Terrifying footage has emerged of the major riot that broke out at the detention centre on Australia's Christmas Island at the weekend.
Iwi N Aus co-founder Filipa Payne, who campaigns for the rights of expat New Zealanders in Australian detention, shared the footage on Facebook where inmates can be heard coughing caused by smoke from fires lit during the riots. Flames are visible from throughout the facility.
Payne says these particular events unfolded on Saturday and this video shows the full extent of what she likens to a "warzone".
It was the second spell of violent unrest in the facility last week after detainees took to the roof and set fire to mattresses last Tuesday.
Payne has since sent letters to New Zealand High Commissioner to Australia Dame Annette King and Foreign Affairs Minister Nanaia Mahuta demanding action.
"Since the unrest began it has escalated to the point of boiling over," the letter says. "We are seeking your assistance and support with extreme urgency please."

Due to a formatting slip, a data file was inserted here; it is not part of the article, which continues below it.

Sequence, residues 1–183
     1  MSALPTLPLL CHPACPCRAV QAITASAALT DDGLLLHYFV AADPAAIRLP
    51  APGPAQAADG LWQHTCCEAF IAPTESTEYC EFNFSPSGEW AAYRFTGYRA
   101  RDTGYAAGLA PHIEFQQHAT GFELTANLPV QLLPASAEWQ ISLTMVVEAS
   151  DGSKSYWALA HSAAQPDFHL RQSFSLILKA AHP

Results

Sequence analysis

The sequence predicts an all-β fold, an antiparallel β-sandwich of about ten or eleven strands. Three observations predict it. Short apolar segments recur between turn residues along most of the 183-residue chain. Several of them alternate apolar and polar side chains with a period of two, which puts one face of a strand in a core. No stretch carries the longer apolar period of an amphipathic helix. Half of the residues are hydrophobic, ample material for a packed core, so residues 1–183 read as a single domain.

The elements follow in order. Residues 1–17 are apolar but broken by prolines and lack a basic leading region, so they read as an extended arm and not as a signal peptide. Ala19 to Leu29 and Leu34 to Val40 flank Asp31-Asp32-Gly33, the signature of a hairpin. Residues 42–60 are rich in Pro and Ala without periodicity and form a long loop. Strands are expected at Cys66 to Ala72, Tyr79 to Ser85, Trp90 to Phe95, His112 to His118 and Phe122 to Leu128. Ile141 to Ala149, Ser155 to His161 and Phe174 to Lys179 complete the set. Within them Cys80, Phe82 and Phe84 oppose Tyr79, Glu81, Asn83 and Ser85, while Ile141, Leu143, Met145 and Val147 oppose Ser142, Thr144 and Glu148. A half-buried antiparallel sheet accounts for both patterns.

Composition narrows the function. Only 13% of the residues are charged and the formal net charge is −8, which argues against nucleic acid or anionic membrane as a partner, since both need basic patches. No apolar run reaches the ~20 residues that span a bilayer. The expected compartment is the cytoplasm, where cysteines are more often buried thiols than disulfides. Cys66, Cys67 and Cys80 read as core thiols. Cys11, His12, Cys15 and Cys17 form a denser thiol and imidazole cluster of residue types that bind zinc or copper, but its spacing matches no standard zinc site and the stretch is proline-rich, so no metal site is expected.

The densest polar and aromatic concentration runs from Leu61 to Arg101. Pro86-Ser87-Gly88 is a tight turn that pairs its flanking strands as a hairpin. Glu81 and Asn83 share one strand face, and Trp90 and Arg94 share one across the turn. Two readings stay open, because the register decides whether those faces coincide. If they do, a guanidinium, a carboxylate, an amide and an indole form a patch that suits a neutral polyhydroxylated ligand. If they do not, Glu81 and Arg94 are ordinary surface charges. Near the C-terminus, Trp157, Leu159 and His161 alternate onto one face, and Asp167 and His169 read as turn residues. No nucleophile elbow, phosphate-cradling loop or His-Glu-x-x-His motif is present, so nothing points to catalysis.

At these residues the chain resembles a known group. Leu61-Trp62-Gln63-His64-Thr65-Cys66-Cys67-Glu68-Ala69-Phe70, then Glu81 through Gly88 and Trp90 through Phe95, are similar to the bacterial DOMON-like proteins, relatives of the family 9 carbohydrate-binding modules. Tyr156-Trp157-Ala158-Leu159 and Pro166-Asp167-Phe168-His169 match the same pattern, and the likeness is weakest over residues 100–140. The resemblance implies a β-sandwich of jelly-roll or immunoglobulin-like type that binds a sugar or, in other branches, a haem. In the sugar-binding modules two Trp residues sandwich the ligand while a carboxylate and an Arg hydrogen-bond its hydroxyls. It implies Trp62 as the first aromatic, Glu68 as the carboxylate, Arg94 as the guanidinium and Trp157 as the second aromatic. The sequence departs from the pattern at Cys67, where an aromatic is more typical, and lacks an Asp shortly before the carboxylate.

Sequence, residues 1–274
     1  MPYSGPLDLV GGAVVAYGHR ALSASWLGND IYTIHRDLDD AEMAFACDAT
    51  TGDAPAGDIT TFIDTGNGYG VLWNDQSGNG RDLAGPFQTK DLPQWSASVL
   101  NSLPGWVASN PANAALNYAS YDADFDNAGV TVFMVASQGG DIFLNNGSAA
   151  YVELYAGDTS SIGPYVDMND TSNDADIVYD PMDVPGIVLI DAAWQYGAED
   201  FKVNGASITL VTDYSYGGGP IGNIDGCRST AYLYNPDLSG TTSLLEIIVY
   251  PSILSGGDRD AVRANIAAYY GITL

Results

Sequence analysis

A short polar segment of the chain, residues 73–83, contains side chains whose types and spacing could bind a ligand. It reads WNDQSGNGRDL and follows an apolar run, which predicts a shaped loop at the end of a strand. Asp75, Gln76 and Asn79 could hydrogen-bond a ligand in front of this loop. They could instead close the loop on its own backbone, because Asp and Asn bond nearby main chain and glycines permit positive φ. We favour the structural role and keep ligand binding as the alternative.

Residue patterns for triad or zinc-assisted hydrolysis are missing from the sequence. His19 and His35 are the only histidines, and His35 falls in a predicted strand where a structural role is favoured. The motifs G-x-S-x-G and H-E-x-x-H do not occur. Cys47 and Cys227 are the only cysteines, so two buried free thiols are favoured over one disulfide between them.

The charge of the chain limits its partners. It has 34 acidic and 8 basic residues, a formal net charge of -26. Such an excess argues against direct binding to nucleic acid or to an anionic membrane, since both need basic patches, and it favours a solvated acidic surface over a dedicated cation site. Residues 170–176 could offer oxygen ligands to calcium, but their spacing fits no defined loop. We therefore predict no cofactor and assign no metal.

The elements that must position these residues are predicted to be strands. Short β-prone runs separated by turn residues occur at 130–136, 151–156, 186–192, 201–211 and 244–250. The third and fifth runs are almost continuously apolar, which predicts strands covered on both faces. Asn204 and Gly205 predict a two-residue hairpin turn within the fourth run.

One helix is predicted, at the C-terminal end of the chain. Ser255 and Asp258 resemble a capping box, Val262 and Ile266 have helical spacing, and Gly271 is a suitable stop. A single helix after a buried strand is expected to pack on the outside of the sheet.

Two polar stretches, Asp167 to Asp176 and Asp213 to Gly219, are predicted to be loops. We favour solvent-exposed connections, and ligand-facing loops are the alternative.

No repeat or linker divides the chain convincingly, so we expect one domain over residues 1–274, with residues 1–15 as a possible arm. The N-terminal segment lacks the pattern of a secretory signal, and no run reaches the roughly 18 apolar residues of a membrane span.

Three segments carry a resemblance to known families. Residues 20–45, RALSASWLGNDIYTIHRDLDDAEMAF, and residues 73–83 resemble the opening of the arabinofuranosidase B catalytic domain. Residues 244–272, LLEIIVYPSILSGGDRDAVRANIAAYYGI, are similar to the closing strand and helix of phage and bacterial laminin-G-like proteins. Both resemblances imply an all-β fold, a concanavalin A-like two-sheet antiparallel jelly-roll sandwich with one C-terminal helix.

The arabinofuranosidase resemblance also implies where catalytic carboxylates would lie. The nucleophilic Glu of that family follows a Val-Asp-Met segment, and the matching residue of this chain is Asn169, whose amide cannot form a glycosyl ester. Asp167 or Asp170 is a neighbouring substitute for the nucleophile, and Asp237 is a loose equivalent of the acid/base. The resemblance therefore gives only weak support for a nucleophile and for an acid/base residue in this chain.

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Detainees allege the facility's standard of living is tantamount to torture, with a severe lack of medical care, inadequate access to treatment and almost total isolation from their families.
"Ever since Christmas Island has reopened, there have been no classes or stimulation for these men," Payne told Newshub on Sunday.
"They've been locked down for 22 hours a day, and only get physical activity for two hours a day outside of their compound," she said.
It's understood that of the about 200 men being held at the detention centre, about half are New Zealanders. Australia's Border Force holds them there due to being '501s', meaning they've failed the country's bad character test.
But one woman Newshub spoke to earlier this week her relative being held on the island isn't even awaiting deportation. She said his visa has yet to be revoked and his case is still before the courts.
"He has been here [Australia] all his life. His mum is a citizen, all younger siblings [are] Australian-born citizens," she said.
Contrary to claims from some detainees and family members, the Australian Border Force said those on the island were unlawful migrants, with convictions for sexual, violent and drug-related offences.